Due to elections and retirements half of the Canadian provincial and territorial Speakers have changed since October 2011. While there are differences in the role and standing orders of each jurisdiction there are many more similarities across Canada and indeed throughout the Commonwealth rules. This article looks at how question period, points of order and other issues are dealt within the New Zealand House of Representatives.
The role of the Speaker is inextricably entwined with the evolution of parliamentary democracy, which was so hard fought for over so many centuries in England. King John did not affix his seal to the Magna Carta at Runnymede in 1215 because he had some great vision of democracy. He desperately needed extra taxes for his failed military campaigns and the Barons had had enough. They were not going to pay any more without something in return.
The territory of Nunavut came into existence on April 1, 1999 when the Northwest Territories was divided. Among the structures inherited by Nunavut were a consensus-style legislature and a set of legislation, including the NWT’s Official Languages Act, a Languages Commissioner and language services reflecting the needs of the public, government and parliamentarians alike. This article looks at the use of the Inuit language in Nunavut’s Legislative Assembly including the challenge of developing terminology within the parliamentary context.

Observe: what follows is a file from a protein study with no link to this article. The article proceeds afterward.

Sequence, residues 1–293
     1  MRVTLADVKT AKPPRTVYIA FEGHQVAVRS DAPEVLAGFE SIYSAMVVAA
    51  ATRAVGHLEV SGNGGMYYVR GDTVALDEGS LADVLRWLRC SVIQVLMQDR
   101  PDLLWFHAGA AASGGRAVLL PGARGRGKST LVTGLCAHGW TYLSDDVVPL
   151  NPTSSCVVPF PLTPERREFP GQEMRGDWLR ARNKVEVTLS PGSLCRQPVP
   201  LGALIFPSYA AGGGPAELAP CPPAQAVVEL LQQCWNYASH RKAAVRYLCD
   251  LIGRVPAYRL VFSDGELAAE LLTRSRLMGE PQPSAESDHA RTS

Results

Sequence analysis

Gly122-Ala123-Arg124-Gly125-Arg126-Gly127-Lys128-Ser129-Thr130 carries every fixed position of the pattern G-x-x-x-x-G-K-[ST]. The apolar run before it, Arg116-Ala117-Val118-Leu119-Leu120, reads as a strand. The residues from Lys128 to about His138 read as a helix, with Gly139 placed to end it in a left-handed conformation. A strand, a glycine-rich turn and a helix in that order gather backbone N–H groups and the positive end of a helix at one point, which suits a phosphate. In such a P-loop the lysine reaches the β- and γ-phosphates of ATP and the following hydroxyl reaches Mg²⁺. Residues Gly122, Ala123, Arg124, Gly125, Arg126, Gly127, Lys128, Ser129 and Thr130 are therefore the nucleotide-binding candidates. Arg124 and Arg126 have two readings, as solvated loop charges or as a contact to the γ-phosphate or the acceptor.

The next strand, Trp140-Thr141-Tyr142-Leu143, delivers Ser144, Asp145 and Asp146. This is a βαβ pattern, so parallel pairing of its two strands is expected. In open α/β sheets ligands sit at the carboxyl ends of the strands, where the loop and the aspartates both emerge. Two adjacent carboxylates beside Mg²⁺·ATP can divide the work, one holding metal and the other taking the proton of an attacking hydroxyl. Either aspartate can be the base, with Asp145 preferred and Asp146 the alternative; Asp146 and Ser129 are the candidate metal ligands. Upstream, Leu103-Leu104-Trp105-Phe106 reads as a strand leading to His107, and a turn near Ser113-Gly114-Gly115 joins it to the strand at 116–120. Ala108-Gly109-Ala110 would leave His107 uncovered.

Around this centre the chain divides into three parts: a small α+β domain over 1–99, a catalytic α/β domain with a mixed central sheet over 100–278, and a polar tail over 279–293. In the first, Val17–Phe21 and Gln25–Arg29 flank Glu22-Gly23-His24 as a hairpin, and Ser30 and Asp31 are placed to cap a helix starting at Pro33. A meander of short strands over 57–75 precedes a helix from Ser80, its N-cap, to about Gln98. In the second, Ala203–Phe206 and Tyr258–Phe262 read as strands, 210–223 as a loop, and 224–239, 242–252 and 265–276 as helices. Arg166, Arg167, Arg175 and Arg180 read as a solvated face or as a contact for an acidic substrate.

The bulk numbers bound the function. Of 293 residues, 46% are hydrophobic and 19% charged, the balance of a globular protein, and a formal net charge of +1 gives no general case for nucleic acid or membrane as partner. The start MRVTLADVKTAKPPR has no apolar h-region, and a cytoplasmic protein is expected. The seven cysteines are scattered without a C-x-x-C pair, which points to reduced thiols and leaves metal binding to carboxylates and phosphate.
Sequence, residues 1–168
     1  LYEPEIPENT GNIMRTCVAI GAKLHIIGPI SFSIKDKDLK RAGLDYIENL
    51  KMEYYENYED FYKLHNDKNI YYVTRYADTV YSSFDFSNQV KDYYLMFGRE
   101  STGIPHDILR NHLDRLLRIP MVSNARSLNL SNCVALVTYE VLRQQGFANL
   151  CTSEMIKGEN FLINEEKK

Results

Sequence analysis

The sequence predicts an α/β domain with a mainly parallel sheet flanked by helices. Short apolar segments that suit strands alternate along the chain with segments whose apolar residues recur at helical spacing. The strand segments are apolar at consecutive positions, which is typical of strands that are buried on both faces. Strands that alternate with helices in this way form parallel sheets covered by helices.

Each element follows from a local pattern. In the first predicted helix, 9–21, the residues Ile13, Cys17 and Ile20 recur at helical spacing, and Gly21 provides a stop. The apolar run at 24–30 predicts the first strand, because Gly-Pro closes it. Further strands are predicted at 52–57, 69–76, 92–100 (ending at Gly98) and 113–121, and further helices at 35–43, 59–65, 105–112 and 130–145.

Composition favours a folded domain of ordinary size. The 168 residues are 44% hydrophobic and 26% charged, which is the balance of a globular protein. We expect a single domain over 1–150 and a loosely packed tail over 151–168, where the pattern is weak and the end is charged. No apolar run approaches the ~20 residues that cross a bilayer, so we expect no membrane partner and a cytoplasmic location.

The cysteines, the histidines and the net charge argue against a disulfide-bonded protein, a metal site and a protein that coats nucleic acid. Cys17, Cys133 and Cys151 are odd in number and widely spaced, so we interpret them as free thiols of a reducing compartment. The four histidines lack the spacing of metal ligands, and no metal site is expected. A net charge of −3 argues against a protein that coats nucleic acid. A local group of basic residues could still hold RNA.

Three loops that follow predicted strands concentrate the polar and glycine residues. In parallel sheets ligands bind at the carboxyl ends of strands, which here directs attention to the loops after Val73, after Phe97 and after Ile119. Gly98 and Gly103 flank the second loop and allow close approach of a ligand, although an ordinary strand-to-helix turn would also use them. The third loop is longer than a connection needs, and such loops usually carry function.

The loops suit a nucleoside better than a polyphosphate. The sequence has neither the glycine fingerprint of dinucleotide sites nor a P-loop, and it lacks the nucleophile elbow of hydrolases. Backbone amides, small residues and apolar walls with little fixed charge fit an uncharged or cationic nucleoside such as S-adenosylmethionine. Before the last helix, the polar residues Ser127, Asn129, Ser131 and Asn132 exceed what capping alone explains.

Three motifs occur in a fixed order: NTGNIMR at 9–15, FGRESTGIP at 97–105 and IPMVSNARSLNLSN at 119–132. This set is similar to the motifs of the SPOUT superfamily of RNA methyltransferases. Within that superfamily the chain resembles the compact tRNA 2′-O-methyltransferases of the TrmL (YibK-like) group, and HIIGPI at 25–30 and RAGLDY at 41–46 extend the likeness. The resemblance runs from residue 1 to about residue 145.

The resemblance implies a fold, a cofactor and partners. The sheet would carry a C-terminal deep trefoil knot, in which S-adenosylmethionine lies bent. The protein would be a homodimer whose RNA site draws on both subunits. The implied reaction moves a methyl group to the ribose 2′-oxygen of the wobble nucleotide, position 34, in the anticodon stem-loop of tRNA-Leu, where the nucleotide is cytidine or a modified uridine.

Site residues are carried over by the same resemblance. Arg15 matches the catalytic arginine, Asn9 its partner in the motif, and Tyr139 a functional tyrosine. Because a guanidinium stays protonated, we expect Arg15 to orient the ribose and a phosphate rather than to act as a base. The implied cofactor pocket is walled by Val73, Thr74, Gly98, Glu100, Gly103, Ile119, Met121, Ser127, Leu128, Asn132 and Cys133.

Language is one of the most prominent and critical issues when it comes to politics and public administration in the north. It affects all areas of service delivery, from health and social services, to education and the expectations of our educational system, to the composition of our labour force and the way business is conducted in the workplace.
For Canada’s parliamentary democracy to function properly, it is integral that key political actors agree on the fundamentals of our constitution. However, with the recent prevalence of minority governments, this agreement has been called into question. During both the December 2008 ‘parliamentary crisis’ and the 2011 federal election campaign, the Conservative Party of Canada, led by Prime Minister Stephen Harper, appeared to hold markedly different views on key constitutional conventions than those espoused by opposition leaders and constitutional experts. This lack of consensus led some to fear that a situation may arise in the near future in which lack of agreement on conventions governing the Governor General’s reserve powers could plunge Canada into a serious constitutional crisis.
In order to discuss the lack of consensus on Canada’s constitutional conventions and argue why they ought to be codified, it is first necessary to define what conventions are and explain how they fit into our constitutional framework. The difficulty in understanding and interpreting constitutional conventions comes from the fact that they: